Compactness theorem and Tychonoff theorem

This thread has it compactness theorem can be derived from Tychonoff theorem. I'm interested in how this can be done, but got stuck.

Here's how far I understand:

Following the version of campactness theorem in A Mathematical Introduction to Logic, Herbert B. Enderton（2ed):

A set of wffs (well-formed formula) is satisfiable iff every finite subset is satisfiable.

Let $\Sigma$ be a set of wffs, each of which is generated by a set of sentence $A$ whose elements can be indexed by $I$. Then the truth value of each finite subset $\Sigma_{\alpha}$ is determined by the truth assignment of $A$, which can be expressed as a function in the space $\{T, F\}^I$. For each finite subset $\Sigma_{\alpha}$, there is a non-empty subset $J_{\alpha}$ of $\{T, F\}^I$ which makes $\Sigma_{\alpha}$ true. Suppose all finite subsets of $\Sigma$ can be indexed by $B$, then the compactness theorem says $\bigcap_{\alpha \in B}J_{\alpha} \neq \varnothing$

I got stuck on how to define the topology of $\{T, F\}^I$. It seems to me, since $\Sigma_{\alpha}$ is a finite set of wffs, its truth value should only depend on the truth values of a finite number of sentences in $A$.

Supposedly, Tychonoff Theorem could serve as a hint, but I don't know how to proceed.

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You can piece together a proof from the material in qchu.wordpress.com/2010/11/22/… ; the relevant paragraph is the second-to-last one although it may not make a lot of sense until you read the rest of the post. – Qiaochu Yuan Dec 29 '12 at 7:33
Also, hint: the statement of the compactness theorem should remind you of the finite intersection property, so try to rephrase it in those terms (using the product topology on $\{ T, F \}^I$). – Qiaochu Yuan Dec 29 '12 at 7:57
@QiaochuYuan: Thank you very much for your hints, but I can't quite follo it.If I want to use finite intersection property, then $J_\alpha$ is supposed to be closed. But in product topology, they seem to be open. – Metta World Peace Dec 29 '12 at 8:05
Also related: math.stackexchange.com/questions/842/… – Asaf Karagila Dec 29 '12 at 9:11
@Metta: the $J_{\alpha}$ are both open and closed. – Qiaochu Yuan Dec 29 '12 at 9:18

Working according to your setup above, you should give $\{T,F\}$ the discrete topology, and $\{T,F\}^I$ the product topology of $|I|$ copies of the discrete topology.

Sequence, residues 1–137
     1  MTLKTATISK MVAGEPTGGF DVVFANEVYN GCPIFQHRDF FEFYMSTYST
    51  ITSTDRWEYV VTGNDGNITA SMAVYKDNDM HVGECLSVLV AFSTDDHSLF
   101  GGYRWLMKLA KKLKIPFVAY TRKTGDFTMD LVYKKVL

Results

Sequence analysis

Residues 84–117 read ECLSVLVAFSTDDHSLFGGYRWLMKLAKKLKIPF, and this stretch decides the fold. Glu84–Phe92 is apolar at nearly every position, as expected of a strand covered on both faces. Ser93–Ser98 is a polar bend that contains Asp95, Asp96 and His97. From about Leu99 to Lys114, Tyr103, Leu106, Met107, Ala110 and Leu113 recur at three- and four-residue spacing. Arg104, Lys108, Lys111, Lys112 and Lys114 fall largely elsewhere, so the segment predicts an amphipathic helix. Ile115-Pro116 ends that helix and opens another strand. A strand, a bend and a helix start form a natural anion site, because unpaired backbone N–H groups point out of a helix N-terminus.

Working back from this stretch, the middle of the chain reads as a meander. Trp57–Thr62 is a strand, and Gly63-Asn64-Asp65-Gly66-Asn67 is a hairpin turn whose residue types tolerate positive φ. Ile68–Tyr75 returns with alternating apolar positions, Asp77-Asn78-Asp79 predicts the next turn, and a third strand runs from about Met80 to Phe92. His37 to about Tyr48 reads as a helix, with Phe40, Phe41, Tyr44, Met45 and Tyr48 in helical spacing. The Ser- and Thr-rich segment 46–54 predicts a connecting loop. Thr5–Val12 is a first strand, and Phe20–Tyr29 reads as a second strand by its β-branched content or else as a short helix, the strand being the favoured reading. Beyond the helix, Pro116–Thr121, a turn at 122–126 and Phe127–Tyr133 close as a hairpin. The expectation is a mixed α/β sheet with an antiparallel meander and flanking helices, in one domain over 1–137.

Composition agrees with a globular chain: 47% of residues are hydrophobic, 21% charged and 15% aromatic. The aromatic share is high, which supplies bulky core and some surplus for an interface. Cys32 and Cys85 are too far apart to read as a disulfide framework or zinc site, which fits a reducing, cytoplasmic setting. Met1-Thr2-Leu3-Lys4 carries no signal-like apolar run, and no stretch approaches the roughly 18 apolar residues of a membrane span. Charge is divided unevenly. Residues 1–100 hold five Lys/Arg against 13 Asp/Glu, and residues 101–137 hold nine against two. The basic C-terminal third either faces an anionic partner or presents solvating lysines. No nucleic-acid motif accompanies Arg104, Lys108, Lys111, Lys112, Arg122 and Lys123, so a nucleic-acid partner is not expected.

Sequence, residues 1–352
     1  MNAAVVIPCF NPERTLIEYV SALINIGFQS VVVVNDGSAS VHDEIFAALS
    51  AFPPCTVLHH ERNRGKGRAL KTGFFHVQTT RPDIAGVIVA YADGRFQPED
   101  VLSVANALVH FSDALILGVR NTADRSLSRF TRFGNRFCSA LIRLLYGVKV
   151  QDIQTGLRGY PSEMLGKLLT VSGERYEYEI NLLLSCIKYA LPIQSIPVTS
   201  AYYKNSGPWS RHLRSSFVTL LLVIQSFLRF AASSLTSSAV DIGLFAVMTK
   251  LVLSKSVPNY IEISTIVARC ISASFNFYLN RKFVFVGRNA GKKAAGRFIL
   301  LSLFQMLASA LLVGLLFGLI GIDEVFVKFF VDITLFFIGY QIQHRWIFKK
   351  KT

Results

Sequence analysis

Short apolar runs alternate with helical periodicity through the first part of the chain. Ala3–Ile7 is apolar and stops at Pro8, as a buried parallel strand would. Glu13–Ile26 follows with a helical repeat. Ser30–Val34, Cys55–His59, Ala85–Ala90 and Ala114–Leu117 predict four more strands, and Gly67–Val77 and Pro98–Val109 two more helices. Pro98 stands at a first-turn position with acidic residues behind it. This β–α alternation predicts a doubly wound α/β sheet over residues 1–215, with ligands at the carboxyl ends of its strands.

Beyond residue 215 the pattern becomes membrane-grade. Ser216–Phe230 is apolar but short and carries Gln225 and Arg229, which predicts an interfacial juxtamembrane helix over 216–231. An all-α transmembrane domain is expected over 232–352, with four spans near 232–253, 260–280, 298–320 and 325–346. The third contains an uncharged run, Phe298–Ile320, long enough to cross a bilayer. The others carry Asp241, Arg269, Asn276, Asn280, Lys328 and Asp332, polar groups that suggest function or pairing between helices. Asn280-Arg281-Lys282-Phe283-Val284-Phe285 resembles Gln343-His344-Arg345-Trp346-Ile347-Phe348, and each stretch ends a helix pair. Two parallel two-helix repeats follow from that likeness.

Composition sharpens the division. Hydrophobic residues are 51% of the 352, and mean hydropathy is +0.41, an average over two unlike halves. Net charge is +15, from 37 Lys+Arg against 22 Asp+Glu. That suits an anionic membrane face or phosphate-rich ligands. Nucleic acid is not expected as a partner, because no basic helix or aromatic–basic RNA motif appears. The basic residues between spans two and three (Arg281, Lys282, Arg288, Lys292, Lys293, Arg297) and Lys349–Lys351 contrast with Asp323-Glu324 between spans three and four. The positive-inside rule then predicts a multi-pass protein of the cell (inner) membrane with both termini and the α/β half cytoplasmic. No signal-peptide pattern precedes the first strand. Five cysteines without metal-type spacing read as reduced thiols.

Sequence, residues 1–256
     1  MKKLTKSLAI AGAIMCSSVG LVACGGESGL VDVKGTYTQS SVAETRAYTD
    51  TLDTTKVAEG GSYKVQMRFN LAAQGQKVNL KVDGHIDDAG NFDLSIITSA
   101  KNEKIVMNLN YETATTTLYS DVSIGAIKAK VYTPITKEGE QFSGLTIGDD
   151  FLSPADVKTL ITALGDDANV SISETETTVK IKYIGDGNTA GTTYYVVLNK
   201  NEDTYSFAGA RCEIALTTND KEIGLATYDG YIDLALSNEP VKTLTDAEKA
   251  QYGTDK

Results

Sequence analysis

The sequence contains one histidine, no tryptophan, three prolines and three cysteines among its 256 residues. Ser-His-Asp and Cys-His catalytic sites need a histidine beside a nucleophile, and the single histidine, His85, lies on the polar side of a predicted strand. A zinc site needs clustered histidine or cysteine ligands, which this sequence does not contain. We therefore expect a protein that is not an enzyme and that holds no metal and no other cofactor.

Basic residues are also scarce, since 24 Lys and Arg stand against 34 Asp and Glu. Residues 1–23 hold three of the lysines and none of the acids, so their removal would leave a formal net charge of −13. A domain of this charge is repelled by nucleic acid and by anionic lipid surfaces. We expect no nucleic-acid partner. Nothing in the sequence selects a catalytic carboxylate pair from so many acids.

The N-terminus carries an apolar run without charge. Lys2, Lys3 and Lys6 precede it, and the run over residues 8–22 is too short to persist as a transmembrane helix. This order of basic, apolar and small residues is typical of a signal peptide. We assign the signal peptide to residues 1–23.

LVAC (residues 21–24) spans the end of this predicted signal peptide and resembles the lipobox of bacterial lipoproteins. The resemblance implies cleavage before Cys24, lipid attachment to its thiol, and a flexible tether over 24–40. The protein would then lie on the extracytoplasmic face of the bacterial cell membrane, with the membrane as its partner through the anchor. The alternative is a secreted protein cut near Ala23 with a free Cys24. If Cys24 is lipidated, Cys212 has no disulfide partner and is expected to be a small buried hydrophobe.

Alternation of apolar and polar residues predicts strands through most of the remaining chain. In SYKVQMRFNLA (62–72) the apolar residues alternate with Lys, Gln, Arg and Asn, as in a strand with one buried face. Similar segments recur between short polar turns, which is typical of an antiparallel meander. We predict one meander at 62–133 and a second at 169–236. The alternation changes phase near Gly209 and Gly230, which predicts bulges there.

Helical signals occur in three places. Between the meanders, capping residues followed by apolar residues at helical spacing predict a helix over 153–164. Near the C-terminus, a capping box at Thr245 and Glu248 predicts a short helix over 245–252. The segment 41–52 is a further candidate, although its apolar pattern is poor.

In the product topology on $\{T,F\}^I$, a basis for the open sets is given by $$\{B_{i_1,\dots,i_k,v_1,\dots,v_k}\mid i_1,\dots,i_k\in I, \ v_1,\dots, v_k\in\{T,F\},\ k \in {\Bbb Z}_{>0}\},$$ where $$B_{i_1,\dots,i_k,v_1,\dots,v_k}=\{s=(s_i)_{i\in I}\in \{T,F\}^I\mid s_{i_1}=v_1,\dots, s_{i_k}=v_k.\}$$ In other words, the basic open sets are simply those which constrain the values of finitely many coordinates of an element in $\{T,F\}^I$ to be fixed values in $\{T,F\}$.
Suppose that you can determine whether or not an element $s=(s_i)_{i\in I}$ of $\{T,F\}^I$ is a member of a set $Y$ by looking at only finitely many coordinates $s_{i_1}$, $\dots$, $s_{i_k}$ of $s$. Then, $Y$ is open, because it is a union of basic open sets. The complement of $Y$ is also open, for the same reason. Therefore $Y$ is clopen (both closed and open.) Given any wff $f\in\Sigma$, whether an assignment satisfies $f$ or not can be determined by looking at only a finite subset of the basic sentences. So, the set $J_f$ of satisfying assignments to $f$ is clopen.
$\{T,F\}$ is finite, so it's compact. Then, by Tychonoff's Theorem, $\{T,F\}^I$ is compact. If every finite set of wffs is satisfiable, the $J_f$s have the finite intersection property (every finite subset of the $J_f$s has a nonempty intersection.) Each $J_f$ is closed, so by compactness, $\bigcap_{f\in\Sigma} J_f\ne\emptyset$. Therefore, $\Sigma$ is satisfiable. This is the Compactness Theorem.